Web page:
When working in Photoshop… Do you resize the picture every now and then, just because you can?
I doubt it! Yet people keep normalizing their audio every chance they get.
Makes no sense.
There are a couple of situations where normalizing comes in handy. But these are rare occasions in the music production process.
Let me first tell you what normalizing is in a nutshell and when NOT to normalize.
Peak normalizing is the process of finding the loudest peak of the audio signal, and applying a constant amount gain to the entire signal so that the highest peak reaches the target level.
In practice it’s often (and often unnecessarily) done to bring the signal to 0 dBFS – it’s maximum digital level.
Virtually every DAW and audio editing software out there has a built-in function for doing this automatically.
So, what’s the fuss?
People like to normalize for the wrong reasons.
Before you normalize, realize that:
- It doesn’t affect the dynamic range of the signal in any way. Once again: You won’t gain more dynamic range by normalizing. The difference between the loudest and quietest parts of the signal stays the same.
- Normalizing every sound/track in your mix won’t make it sound louder or better.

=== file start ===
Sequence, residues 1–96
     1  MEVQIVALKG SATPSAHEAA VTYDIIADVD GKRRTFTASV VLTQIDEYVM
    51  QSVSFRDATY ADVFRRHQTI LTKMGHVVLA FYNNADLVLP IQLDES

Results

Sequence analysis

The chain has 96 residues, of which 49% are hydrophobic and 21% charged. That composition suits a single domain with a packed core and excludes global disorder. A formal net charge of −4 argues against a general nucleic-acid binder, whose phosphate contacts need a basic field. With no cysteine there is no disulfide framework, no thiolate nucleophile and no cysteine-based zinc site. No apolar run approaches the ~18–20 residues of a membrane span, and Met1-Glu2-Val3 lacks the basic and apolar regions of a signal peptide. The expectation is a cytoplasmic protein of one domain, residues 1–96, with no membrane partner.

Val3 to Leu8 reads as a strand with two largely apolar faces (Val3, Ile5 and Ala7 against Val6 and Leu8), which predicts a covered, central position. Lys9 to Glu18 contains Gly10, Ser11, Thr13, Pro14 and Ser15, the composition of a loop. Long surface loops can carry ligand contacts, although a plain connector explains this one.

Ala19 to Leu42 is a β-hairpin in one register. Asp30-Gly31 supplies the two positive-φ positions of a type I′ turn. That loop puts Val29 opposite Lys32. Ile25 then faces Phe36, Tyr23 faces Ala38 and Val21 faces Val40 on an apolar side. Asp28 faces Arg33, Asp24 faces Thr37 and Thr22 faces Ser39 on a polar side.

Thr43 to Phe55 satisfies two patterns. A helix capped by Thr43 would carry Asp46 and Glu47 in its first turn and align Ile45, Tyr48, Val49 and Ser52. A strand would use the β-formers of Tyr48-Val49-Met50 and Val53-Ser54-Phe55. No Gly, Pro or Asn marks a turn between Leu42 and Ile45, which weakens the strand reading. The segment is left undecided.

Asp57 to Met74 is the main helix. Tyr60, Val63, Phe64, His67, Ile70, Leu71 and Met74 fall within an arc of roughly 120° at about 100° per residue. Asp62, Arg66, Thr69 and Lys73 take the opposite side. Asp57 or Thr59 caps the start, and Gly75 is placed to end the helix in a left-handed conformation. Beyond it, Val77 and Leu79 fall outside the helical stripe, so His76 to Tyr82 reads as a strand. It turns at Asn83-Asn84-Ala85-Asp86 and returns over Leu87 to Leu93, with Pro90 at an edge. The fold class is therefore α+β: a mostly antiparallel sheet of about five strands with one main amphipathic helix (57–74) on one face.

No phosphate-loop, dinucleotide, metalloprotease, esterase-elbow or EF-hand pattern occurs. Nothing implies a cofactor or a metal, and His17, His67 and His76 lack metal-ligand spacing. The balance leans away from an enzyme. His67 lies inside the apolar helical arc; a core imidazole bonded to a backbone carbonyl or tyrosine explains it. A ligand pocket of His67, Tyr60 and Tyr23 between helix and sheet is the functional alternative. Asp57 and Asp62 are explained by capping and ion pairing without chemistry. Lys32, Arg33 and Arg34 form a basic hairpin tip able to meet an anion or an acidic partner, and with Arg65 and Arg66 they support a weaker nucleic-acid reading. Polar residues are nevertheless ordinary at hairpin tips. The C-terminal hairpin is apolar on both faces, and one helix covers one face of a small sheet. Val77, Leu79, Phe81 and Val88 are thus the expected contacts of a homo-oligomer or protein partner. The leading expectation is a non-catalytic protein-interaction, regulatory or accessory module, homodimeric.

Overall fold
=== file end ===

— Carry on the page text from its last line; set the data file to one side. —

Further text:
- You may risk creating inter-sample peaks (and thus, clipping when the sound goes to a poor DAC).
- It will bring up the noise by the same amount.
- You lose headroom and risk clipping when the audio with no headroom is processed with certain plugins.
- Any processing step you take degrades the original sound – the less you process, the better.
Nearly always in music production and mixing situations, normalizing is not really necessary.
You’re better off concentrating your efforts recording/bouncing things loud enough (-3 to -6dBSF) in the first place.
The exceptions? There are two kinds of situations where normalization is required:
- If the signal is so quiet that the volume controls in your DAW are not enough to bring it up to par with the other elements in the mix.
- If you must make the signal peak at a certain predefined level (for example when doing sound design, mastering or working with test tones).
If you can think of more, do let us know in the comments!